• Monday, April 15, 2024


Government to ‘step in’ if Yorkshire, ECB do not take ‘real action’

Azeem Rafiq, former player of Yorkshire. (Photo: Charlie Crowhurst/Getty Images)

By: Sattwik Biswal

IF Yorkshire and the ECB fail to take “real action” in the Azeem Rafiq racism scandal then the UK government is ready to “step in”.

An investigation followed by a report found former Yorkshire player Rafiq was a vactim of “racial harassment and bullying” but the county club said it will not take disciplinary action against anyone.

Reacting to it, sports and culture minister Chris Philp said this was “unacceptable”.

“Parliament is watching, the government is watching and the country is watching,” he said.

“We expect real action and the government stands ready to step in and take action if they do not put their own house in order.”

Philp was responding to an Urgent Question in the House of Commons on Tuesday (9). He called on the rest of the Yorkshire board to resign too after chairman Roger Hutton along with two others stepped down last week.

“If there is anybody left from that regime, they should resign as well,” he said.

Philp also called for the investigation to be made public to allow the country and parliament to “fully scrutinise them” and to “restore the public’s belief” in the sport.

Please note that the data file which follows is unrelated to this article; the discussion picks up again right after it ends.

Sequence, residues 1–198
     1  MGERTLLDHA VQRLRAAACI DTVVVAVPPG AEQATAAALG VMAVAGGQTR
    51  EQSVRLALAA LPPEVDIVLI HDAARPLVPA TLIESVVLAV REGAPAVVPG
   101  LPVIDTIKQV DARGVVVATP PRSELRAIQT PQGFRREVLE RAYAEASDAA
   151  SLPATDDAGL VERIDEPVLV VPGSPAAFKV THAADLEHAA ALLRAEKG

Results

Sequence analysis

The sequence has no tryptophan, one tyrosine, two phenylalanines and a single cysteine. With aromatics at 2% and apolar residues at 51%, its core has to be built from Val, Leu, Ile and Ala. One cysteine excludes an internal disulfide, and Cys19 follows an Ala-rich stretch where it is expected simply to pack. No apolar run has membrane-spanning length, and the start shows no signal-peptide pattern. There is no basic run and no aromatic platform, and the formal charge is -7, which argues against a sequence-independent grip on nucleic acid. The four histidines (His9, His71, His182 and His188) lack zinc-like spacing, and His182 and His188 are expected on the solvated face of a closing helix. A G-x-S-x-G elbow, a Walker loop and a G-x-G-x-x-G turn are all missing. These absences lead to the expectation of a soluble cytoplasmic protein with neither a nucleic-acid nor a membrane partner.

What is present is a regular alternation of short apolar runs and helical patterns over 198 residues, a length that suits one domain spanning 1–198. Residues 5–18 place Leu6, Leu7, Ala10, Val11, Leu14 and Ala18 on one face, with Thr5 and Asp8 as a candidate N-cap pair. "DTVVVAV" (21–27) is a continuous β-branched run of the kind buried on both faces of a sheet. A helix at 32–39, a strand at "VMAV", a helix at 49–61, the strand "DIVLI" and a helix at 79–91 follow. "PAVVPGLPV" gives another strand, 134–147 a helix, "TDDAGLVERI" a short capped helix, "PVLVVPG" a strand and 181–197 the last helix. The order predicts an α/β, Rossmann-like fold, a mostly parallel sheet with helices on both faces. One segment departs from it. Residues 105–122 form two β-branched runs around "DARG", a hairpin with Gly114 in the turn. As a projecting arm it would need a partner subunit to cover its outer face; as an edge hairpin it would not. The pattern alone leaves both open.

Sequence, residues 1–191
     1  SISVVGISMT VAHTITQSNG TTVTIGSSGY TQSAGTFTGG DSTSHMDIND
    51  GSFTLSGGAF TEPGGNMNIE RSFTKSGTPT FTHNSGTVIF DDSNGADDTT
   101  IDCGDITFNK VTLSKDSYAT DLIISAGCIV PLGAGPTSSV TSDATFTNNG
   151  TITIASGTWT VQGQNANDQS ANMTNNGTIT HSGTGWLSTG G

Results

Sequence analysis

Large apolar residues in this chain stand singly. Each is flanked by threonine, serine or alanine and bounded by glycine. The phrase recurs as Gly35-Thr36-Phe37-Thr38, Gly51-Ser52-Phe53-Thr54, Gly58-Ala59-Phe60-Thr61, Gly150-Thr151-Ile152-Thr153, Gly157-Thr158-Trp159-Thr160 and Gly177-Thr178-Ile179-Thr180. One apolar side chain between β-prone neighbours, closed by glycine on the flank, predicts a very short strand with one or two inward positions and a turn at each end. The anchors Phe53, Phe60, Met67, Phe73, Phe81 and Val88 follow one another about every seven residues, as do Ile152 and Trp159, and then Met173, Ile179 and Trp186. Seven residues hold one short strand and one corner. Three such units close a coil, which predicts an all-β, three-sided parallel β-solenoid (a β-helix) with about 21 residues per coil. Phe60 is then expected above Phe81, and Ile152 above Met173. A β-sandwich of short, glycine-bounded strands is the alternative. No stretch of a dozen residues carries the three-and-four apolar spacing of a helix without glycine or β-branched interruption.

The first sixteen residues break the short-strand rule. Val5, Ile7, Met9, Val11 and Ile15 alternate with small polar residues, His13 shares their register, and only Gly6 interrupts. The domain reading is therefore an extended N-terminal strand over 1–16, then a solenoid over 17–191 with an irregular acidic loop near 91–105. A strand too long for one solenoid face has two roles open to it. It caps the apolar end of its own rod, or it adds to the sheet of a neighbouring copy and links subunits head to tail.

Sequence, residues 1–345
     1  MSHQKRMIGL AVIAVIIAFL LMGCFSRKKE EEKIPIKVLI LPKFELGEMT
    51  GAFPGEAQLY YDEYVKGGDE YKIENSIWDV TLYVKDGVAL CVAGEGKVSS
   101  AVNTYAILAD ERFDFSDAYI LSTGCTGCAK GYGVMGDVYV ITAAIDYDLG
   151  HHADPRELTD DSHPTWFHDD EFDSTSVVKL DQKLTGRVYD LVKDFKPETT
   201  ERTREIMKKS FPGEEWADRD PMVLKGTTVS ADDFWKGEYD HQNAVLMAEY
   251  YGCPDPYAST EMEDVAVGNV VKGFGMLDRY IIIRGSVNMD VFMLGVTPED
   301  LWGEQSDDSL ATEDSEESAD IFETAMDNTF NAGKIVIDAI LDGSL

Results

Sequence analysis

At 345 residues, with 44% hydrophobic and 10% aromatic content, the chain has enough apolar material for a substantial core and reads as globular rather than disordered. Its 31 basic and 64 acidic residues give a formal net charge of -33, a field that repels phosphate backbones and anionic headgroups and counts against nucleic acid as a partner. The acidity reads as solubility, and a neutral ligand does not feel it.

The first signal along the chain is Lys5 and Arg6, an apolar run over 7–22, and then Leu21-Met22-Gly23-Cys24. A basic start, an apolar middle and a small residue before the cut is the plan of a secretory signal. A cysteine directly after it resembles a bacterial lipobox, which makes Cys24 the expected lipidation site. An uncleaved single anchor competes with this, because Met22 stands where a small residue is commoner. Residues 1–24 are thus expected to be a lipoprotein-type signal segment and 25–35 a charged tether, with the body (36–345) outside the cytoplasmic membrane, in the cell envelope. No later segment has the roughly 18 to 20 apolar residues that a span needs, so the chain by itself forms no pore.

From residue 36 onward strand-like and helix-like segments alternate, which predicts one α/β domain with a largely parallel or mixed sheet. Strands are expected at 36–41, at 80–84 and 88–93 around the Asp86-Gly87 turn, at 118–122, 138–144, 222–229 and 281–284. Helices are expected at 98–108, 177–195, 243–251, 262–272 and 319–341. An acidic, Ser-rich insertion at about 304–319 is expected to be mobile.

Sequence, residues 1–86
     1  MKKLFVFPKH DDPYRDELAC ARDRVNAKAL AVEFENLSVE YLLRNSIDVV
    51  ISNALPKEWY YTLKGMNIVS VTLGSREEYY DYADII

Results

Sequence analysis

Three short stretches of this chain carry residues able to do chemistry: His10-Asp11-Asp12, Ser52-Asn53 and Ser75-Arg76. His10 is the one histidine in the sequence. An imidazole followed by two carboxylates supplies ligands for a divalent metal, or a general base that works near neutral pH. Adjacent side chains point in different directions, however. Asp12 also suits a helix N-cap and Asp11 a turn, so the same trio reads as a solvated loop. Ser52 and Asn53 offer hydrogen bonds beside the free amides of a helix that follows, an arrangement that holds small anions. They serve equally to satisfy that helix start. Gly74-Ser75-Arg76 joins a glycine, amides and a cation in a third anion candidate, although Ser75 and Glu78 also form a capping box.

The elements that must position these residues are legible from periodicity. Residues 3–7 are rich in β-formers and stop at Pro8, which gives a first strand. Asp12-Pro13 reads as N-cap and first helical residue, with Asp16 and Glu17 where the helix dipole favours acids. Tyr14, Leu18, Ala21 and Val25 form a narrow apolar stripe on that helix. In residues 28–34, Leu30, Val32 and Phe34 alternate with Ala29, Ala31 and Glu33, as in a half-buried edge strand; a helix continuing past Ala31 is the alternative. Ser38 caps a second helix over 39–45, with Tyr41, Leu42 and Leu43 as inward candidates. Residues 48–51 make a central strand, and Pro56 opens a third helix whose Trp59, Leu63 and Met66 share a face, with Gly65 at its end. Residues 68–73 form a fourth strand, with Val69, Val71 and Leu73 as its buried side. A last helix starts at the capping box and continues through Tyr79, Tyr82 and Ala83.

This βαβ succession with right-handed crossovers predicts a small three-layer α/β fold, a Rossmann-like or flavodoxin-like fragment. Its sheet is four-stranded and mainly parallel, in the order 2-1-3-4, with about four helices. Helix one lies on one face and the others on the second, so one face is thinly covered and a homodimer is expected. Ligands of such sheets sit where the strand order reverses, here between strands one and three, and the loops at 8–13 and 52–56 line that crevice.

“The conduct of Yorkshire Cricket Club in this matter, by trying to brush it under the carpet and ignore it, is completely unacceptable,” Philp said.

“The conduct of the cricket club has no justification whatsoever, it is disgraceful, and we unreservedly condemn it.

“Where players are found to have committed acts of racism they should suffer consequences.”

In September 2020, for the first time Rafiq went public about his experiences at Yorkshire, which also left hime close to taking his own life.

Yorkshire set up an independent inquiry which a year later the club released its own summarised version of the report and said no one would be disciplined at the club involved in the racism row.

The report was criticised after it was found that a racist term about Rafiq’s heritage was repeatedly used towards him at Yorkshire but the club concluded it to be “friendly and good-natured banter”.

After Hutton resigned, Lord Patel took over, apologised to Rafiq and praised him for his “bravery” as a whistleblower.

Further details may emerge at a Department for Culture, Media and Sport hearing on 16 November.

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